Money Moves You Should Make With a Salary Over $100k

Retirement Planning | Taxes & Tax Planning | Financial Planning | Wealth Management

 Kevin Daniel By: Kevin Daniel

According to Fidelity, if you want to retire comfortably, you should have eight times your annual salary saved by age 60 and ten times by age 67.  

But if you want to achieve—or outpace that amount—you must regularly evaluate and adjust the financial goals you set for yourself early in your career. 

Earning six figures may not be the financial bellwether it used to be, thanks to rising costs in nearly every sector of the economy. But it is a sign that you may need to take a more detailed approach to managing your finances. 

Unfortunately, many high-income earners put financial planning on the back burner as they deal with the day-to-day responsibilities of work and family life.  

That’s a mistake that could cost you.  

Failing to plan now can result in missing out on investment gains you may not be able to make up. That’s why it’s crucial to create a financial plan that will maximize your after-tax investment returns and wealth-building potential.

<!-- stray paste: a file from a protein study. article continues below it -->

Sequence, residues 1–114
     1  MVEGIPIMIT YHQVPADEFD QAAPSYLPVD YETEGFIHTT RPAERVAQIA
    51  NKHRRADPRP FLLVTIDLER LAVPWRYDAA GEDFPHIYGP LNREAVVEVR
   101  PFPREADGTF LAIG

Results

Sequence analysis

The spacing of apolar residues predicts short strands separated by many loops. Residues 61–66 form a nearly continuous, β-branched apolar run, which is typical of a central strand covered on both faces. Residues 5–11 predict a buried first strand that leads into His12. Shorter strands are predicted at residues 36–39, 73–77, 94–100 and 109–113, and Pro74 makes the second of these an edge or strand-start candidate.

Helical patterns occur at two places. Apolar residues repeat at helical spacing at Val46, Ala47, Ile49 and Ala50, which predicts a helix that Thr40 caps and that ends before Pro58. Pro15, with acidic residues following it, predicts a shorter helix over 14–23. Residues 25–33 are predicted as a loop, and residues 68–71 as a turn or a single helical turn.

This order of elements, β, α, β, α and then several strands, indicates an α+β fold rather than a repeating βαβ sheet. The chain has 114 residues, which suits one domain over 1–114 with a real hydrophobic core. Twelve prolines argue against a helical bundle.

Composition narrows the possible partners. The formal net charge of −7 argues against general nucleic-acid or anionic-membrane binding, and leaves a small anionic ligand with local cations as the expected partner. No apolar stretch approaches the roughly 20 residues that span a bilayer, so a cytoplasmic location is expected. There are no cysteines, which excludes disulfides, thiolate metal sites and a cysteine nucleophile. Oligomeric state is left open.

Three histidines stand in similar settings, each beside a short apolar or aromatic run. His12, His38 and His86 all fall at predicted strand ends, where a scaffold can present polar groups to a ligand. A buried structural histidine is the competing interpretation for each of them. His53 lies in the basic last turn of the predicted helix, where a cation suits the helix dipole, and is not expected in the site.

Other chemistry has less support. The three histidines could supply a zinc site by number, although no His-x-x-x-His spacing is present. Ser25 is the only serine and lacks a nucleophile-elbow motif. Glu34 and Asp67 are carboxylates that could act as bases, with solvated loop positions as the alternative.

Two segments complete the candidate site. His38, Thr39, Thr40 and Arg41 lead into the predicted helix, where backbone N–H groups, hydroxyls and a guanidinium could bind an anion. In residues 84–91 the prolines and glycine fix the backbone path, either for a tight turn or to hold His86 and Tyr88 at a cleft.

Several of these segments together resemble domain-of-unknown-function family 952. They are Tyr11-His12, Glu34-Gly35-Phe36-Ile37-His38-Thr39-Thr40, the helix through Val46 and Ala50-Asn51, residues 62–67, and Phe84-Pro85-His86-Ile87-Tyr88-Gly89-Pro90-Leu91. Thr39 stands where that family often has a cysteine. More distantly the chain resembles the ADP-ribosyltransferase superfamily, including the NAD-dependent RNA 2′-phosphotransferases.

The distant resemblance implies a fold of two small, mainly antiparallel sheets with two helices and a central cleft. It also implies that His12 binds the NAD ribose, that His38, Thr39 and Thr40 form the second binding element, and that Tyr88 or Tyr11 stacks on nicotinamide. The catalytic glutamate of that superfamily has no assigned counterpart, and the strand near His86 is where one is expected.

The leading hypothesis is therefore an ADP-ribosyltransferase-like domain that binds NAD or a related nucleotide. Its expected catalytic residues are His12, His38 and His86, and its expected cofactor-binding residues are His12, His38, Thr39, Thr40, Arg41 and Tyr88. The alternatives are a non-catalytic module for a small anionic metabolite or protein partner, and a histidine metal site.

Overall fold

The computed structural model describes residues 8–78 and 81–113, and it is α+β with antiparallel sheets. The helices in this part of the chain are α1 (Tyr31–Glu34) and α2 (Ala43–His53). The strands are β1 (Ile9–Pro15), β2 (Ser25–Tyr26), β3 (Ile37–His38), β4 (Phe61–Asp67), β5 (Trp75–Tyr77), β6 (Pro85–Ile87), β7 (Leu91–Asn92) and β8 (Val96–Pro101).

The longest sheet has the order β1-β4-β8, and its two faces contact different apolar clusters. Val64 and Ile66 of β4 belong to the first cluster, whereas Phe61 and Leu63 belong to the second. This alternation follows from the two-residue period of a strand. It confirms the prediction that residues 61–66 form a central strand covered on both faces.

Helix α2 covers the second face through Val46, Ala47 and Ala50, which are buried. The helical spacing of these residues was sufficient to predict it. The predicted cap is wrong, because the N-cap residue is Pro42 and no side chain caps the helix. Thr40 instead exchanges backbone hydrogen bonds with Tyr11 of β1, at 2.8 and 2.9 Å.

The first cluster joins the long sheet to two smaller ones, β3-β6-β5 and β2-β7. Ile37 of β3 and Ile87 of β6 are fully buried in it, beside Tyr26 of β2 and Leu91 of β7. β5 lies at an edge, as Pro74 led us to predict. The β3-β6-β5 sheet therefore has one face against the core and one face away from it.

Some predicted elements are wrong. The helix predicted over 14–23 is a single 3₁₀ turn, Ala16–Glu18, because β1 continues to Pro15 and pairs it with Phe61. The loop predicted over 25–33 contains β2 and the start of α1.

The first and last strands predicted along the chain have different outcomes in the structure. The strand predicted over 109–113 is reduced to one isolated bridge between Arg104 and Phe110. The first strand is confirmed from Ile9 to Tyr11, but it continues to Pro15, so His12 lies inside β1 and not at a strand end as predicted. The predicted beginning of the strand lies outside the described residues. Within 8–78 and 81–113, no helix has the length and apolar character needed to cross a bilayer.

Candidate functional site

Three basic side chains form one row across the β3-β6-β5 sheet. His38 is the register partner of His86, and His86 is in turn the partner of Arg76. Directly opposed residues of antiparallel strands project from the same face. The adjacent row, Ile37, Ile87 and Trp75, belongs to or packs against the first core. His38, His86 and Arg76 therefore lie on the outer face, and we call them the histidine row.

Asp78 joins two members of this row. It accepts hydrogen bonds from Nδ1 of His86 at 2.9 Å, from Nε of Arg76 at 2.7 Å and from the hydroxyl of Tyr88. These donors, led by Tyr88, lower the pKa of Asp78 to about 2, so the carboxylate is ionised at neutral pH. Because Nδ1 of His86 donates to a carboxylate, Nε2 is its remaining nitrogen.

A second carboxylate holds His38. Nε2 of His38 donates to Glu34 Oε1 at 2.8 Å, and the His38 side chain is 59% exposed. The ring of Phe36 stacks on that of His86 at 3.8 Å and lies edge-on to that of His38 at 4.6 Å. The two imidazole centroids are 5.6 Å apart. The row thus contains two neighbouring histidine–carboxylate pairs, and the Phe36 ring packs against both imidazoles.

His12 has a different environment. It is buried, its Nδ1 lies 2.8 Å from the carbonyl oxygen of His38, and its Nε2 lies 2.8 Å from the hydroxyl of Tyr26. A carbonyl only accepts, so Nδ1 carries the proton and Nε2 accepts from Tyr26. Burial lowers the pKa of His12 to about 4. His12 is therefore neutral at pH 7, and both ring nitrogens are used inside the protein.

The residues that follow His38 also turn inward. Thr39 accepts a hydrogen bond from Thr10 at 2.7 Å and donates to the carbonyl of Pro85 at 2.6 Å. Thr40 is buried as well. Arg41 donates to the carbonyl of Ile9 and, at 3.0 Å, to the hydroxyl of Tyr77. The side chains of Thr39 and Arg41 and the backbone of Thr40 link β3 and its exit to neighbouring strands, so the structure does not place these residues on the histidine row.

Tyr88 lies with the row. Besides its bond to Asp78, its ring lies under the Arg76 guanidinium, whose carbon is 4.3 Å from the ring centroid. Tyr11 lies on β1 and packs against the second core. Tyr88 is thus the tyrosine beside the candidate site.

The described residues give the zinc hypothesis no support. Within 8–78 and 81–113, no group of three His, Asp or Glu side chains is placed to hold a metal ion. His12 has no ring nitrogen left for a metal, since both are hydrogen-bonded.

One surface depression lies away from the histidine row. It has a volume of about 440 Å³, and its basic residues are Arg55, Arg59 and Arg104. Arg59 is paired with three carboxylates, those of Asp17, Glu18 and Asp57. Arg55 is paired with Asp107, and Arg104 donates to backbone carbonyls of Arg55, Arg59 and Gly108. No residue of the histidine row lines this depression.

In this article, we’ll look at the key components we believe are essential for you to avoid falling into the trap of having a “good enough” financial plan that’s not optimized for your unique situation. 

Maximize Equity Compensation 

Equity compensation is undoubtedly one of the most complicated wealth management topics to understand. And it’s the one that requires the most planning to maximize your awards, minimize your tax liability and keep your retirement savings plan on track.  

When making decisions about equity grants, it’s important to understand: 

  • Vesting requirements: One of the biggest risks of equity compensation is that it’s only as good as what’s vested. Understanding what’s at stake if you leave your position—voluntarily or involuntarily— can help you make informed career planning decisions. 
  • Tax planning: Different types of equity awards (e.g., RSUs, RSAs, ISOs, etc.) receive different tax treatments. Understanding how each one works can help you make better tax planning decisions so you don’t pay the IRS more than necessary.  
  • Asset allocation: Equity compensation can be a great way to build wealth, but it’s important to understand that it’s an asset. Looking for opportunities to diversify your portfolio can help minimize risk when you exercise shares or options so that you’re not “overinvested” in your employer’s company. 
  • Your long-term plan: It’s easy to panic when stock prices fluctuate. But it’s important to remember your long-term plan to avoid making rash decisions. 

Engage in Regular Tax Planning 

Taxes are a common area for missed opportunities. Tax planning isn’t just about filling out the appropriate paperwork and sending it to the IRS each year.